Australia adds tax and copyright to pressure on duopoly

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The ACCC probe into the influence of Google and Facebook - part of the deal agreed with minority NXT members to get media law reform through parliament - is one of several Australian moves adding pressure on the duopoly.

The two companies are among those which will be excluded from broader "safe harbour" provisions in the Copyright Act under federal legislation introduced this week. Some local start-ups are also excluded.

Australia's tax office is also pursuing Google and Facebook as part of a push to get all companies - including the world's largest multinationals - to pay their "fair share" of tax for operations in the country. Joint forensic tax ­audits with the tax authorities of other countries are the latest move.

In comments to the Australian newspaper, tax commissioner Chris Jordan says that at one point Google was still being looked after by the tax office's SME group because its reported turnover in Australia was less than $250 million a year, a situation he described as "absurd".

A blitz on multinationals also including Amazon, owned by Washington Post boss Jeff Bezos, had brought a $5 billion "windfall" in unpaid taxes in 16 months, and "many more billions of dollars" are expected to follow. Amazon started trading in Australia this week.

Under the probe by the Australian Competition and Consumer Commission, the impact digital platforms are having on the state of competition in media and advertising markets will be examined.

The ACCC inquiry - which reports in two stages at 12 and 18 months - will be empowered to obtain information and test whether a case can be made for further intervention, or use of its broader enforcement powers.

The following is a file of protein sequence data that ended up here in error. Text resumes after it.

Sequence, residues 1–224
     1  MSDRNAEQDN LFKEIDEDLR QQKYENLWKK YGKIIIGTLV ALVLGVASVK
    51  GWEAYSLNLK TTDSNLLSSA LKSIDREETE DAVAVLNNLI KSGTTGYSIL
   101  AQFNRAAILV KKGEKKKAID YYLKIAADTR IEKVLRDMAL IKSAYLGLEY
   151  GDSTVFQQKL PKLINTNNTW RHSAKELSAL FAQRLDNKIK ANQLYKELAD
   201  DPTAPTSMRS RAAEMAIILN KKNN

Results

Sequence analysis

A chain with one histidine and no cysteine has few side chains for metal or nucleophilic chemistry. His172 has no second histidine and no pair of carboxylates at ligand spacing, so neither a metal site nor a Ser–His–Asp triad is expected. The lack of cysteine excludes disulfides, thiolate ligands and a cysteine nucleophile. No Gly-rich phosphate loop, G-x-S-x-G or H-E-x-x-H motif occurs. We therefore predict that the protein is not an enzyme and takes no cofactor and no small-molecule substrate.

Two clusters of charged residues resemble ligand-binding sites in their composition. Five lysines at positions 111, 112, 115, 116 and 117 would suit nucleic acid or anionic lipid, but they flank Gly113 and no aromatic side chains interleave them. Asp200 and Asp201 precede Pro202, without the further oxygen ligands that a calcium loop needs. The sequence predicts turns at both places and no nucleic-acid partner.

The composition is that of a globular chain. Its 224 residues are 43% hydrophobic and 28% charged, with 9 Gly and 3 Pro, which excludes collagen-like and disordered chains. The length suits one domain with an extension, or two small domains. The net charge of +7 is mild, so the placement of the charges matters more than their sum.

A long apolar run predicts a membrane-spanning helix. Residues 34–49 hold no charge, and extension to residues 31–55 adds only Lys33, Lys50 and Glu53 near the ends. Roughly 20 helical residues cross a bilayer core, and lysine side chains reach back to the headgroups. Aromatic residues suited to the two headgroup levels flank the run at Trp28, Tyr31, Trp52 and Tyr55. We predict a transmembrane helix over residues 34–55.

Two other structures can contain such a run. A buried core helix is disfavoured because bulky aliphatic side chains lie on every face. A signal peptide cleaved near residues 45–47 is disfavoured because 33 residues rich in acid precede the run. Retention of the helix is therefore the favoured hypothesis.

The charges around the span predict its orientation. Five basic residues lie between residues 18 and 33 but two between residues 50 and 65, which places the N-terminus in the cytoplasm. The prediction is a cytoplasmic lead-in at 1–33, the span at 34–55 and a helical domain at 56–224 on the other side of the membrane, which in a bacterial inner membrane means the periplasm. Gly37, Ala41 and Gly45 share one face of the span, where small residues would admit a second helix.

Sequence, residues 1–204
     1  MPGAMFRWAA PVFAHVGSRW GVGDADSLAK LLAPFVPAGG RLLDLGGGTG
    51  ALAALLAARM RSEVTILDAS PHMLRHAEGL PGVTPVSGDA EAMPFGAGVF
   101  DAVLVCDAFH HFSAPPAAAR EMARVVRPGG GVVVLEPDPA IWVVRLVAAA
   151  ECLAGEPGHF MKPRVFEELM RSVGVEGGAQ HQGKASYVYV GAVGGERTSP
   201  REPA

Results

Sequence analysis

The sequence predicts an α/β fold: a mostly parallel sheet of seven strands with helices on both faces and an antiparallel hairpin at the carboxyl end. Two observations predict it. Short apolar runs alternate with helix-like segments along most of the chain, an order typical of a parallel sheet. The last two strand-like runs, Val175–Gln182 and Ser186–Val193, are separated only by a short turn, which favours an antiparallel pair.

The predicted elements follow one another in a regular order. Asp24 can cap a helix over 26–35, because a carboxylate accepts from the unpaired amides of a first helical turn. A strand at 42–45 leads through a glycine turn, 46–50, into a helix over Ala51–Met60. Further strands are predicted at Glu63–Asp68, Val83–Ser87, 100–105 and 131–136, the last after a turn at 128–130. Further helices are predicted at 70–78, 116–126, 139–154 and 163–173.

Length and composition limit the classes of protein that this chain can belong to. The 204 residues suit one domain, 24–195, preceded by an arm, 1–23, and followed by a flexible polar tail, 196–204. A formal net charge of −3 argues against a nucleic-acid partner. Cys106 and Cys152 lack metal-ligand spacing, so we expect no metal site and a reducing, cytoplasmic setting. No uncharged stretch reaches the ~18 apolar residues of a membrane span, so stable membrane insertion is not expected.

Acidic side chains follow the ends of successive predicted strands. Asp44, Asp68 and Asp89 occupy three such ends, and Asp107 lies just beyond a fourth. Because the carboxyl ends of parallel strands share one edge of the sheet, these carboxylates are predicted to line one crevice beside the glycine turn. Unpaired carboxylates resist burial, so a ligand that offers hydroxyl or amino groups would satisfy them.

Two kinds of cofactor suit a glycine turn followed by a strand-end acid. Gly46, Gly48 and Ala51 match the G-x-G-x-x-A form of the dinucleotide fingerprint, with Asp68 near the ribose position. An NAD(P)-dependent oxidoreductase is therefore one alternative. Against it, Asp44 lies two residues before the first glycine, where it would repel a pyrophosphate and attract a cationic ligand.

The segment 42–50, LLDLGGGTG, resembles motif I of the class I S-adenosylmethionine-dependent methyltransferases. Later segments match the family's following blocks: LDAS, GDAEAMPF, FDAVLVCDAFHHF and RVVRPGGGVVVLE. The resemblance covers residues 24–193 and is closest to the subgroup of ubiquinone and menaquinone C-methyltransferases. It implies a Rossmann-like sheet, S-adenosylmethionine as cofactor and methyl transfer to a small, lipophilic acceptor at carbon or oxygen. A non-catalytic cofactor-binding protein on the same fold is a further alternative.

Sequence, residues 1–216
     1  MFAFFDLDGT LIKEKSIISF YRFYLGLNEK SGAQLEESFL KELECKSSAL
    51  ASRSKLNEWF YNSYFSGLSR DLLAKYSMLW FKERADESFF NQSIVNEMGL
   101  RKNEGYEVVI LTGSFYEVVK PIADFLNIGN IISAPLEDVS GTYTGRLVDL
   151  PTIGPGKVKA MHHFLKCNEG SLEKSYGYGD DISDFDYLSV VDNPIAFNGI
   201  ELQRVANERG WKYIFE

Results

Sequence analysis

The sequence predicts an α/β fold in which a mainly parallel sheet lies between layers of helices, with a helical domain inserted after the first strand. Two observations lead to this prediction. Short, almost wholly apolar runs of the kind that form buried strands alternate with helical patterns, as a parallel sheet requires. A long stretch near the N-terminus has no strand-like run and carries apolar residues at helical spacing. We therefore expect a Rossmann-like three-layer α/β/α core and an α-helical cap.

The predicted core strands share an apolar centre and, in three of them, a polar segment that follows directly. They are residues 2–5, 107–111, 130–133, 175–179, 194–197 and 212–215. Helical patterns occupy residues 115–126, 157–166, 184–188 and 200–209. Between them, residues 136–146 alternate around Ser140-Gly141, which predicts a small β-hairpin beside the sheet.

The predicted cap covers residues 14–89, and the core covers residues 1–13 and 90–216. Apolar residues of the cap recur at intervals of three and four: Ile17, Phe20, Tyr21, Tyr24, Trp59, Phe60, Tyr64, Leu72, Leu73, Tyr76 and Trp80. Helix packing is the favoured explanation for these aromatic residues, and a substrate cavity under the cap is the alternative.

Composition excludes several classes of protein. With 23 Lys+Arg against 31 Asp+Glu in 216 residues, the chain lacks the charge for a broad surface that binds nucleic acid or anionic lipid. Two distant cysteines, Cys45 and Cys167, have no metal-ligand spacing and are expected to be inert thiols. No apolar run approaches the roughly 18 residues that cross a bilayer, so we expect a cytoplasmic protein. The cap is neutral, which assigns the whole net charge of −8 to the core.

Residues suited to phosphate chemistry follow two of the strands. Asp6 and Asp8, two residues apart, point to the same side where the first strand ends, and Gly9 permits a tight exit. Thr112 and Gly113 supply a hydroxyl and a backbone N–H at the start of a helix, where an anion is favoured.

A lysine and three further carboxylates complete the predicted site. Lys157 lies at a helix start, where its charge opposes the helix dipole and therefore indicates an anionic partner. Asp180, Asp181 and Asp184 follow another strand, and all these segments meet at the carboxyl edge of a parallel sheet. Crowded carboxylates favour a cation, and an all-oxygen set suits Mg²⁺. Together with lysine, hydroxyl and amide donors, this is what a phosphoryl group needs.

Terms of reference include how platform service providers use their market power with content producers and advertisers; how they impact content choice and quality; and the effect they have on media and advertising markets. It will also look at the effect of trends such as innovation and technological change, and of the "information asymmetry" between platforms, advertisers and consumers.

The Australian says Nick Xenophon Team senator Stirling Griff worked on the terms of reference, with the party still concerned by the "market-distorting powers of internet giants such as Google and Facebook.

"Digital advertising now ­accounts for almost half of the Australian advertising market and traditional media is taking an increasingly shrinking share."

He said that while they did not bear all the responsibility for the media's current woes, they needed to accept "that their hands are not clean".

America's News Media Alliance has welcomed the "proactive steps to protect the integrity and future of journalism". In the course of advocating for intercession on behalf of publishers against Facebook and Google's market dominance, it called on the US Congress in July to allow publishers to negotiate collectively.

A deal in Australia to secure the support for the NXT and One Nation parties for the media law reform legislation which removed restrictions publishers' ownership of broadcasting companies was pushed through when (Rupert's son) Lachlan Murdoch and Bruce Gordon were trying to take full control of the country's Ten Network. In the event, the TV station was bought from administrators by CBC which, with Twentieth Century Fox, was a major creditor.

The deal with NXT and One Nation is to deliver more than $70m in concessions including a $10m scheme to encourage employment of cadet journalists, a $50m media innovation fund and $12m for community radio stations, along with the ACCC inquiry and changes to the ABC's charter.

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